Stealing focus: emacs, and PIL, in Windows

Graham Fawcett graham.fawcett at gmail.com
Sat Nov 26 19:05:13 CET 2005


damonwischik at gmail.com wrote:
> I'm using GNU Emacs 21.3.1 with python-mode 1.0alpha under Windows XP.
> Whenever I execute a command in an edit window (with
> py-execute-region), the output window steals the focus. How can I stop
> this happening?
[snip]
> I commented out the command
>   (pop-to-buffer (current-buffer))
> and now the command window no longer steals focus. But I don't know if
> this has any other side effects, or it there's a better way to prevent
> focus being stolen.

For someone who says he doesn't know Lisp, you seem to be doing just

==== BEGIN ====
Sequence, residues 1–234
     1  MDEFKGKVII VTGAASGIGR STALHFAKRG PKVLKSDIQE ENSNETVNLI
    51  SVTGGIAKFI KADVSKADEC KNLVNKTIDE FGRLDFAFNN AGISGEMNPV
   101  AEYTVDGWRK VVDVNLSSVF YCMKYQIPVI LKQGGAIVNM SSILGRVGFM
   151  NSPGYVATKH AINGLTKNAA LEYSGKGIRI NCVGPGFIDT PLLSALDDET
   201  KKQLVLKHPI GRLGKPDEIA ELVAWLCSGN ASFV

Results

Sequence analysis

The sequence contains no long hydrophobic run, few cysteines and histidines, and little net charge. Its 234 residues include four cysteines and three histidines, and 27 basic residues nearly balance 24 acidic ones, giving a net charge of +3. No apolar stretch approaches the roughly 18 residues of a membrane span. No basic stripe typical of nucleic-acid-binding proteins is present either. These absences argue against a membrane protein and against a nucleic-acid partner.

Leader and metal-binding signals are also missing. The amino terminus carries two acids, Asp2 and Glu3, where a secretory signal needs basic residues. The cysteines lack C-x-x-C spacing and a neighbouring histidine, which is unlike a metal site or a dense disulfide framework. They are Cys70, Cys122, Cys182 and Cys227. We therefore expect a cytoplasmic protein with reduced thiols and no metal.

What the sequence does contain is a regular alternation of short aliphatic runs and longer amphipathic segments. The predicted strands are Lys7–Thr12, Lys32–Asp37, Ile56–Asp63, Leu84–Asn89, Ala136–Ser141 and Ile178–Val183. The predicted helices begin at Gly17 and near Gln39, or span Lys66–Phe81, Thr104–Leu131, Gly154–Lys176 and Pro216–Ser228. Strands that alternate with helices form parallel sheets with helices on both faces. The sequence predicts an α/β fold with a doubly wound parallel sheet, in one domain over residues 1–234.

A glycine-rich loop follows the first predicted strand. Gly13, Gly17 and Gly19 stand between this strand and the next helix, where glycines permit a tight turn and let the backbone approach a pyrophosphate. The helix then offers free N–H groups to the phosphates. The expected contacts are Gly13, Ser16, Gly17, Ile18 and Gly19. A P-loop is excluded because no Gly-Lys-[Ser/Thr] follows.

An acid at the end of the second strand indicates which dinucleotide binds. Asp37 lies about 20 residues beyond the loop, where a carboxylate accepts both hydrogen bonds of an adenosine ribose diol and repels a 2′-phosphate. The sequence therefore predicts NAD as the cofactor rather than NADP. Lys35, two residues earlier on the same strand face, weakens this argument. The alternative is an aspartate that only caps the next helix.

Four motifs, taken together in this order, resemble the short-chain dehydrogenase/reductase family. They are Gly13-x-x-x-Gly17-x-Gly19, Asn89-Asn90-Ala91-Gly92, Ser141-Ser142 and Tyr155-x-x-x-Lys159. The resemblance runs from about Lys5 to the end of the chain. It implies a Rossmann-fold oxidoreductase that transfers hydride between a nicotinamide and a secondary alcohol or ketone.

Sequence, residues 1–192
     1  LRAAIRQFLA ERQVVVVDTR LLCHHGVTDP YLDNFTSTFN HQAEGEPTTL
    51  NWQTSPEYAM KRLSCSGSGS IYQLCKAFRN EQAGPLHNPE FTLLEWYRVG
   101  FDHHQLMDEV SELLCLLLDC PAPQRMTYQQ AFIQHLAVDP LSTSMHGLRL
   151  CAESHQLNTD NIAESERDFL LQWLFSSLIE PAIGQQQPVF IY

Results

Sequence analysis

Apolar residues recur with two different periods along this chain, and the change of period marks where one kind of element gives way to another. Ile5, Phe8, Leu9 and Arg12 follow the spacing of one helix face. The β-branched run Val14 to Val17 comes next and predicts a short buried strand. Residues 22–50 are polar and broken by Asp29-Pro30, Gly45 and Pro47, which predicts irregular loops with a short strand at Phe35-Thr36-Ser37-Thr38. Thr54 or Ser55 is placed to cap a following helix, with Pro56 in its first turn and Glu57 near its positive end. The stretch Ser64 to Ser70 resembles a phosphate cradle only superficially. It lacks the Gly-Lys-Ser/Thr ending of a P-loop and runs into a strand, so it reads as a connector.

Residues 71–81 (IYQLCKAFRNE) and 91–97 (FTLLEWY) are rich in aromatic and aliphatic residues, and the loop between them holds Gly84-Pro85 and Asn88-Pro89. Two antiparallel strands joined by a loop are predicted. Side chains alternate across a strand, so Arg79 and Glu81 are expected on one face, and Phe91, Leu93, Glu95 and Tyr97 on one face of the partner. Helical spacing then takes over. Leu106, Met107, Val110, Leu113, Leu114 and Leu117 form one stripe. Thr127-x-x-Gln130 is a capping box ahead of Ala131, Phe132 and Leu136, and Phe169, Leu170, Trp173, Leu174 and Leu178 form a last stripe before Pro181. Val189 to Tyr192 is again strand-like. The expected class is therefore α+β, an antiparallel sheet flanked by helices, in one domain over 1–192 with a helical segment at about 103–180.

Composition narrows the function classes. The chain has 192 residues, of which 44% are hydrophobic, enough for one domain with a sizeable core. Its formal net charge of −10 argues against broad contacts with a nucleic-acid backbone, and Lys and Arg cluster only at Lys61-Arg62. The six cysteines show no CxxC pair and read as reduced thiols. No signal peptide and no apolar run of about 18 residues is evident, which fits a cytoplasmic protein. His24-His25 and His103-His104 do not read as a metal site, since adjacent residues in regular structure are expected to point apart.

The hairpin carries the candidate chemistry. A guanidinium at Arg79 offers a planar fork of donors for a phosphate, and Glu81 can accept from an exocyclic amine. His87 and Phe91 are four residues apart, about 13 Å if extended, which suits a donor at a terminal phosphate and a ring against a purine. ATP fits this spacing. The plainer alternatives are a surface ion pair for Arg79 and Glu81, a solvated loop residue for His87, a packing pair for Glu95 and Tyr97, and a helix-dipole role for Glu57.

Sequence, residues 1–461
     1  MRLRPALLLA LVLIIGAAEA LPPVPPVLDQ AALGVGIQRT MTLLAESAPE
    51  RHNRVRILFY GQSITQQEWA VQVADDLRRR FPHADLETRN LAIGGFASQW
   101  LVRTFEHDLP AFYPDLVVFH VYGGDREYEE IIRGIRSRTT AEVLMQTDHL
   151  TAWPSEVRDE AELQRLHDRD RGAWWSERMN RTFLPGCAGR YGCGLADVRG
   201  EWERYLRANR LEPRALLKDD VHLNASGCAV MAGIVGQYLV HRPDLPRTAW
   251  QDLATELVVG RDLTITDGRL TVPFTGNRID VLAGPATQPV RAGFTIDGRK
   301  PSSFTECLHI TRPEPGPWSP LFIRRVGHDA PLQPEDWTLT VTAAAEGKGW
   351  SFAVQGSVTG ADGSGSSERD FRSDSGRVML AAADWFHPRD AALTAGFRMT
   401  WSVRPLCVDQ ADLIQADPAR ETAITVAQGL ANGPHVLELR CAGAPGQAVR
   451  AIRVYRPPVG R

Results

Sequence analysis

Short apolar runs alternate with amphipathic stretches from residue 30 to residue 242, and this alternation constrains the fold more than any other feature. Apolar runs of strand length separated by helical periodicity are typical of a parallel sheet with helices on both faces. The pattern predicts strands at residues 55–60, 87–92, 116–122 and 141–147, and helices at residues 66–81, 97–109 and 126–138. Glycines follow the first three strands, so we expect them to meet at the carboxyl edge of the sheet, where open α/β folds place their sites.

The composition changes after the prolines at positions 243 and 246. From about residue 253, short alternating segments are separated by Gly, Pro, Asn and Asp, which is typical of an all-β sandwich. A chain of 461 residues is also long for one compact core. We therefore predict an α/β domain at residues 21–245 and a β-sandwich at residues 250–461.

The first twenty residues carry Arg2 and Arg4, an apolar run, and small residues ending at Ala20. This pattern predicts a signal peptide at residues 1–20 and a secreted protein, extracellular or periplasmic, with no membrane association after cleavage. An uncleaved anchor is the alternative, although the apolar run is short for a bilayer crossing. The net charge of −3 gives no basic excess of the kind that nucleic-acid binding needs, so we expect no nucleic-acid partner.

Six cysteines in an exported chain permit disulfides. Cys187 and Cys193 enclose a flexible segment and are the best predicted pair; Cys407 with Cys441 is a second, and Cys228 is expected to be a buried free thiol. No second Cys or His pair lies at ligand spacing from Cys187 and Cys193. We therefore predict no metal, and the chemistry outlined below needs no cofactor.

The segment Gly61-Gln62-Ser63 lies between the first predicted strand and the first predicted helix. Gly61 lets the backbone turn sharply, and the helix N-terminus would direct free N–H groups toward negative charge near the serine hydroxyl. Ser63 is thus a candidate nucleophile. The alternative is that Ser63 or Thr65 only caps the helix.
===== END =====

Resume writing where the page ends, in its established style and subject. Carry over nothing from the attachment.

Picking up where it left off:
fine. :-)

Not sure if there would be side-effects. Note that py-execute-string,
py-execute-buffer, py-execute-def-or-class all use py-execute-region.
Their behaviour may be altered by your change. But it would be easy to
test.

If you did encounter a problematic side-effect, you could define your
own "py-execute-region-custom" as a copy of py-execute-region but with
the (pop-to-buffer) call removed. Then use

  (require 'python-mode)  ;; if you're putting this in .emacs
  (define-key py-mode-map "\C-c|"     'py-execute-region-custom)

to redefine the keyboard mapping.  (The (require 'python-mode) call
ensures that the py-mode-map variable has been initialized.) You could
provide an alternate mapping for your new function, of course.

If you put the custom function and your define-key call both in your
.emacs file, then you can easily port it to other machines (perh.
easier than maintaining a patch for python-mode).

Graham




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